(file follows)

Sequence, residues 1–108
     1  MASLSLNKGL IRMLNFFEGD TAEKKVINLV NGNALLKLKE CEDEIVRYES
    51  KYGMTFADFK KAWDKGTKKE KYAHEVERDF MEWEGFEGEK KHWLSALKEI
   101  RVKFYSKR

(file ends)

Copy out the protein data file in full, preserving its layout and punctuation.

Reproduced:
Sequence, residues 1–108
     1  MASLSLNKGL IRMLNFFEGD TAEKKVINLV NGNALLKLKE CEDEIVRYES
    51  KYGMTFADFK KAWDKGTKKE KYAHEVERDF MEWEGFEGEK KHWLSALKEI
   101  RVKFYSKR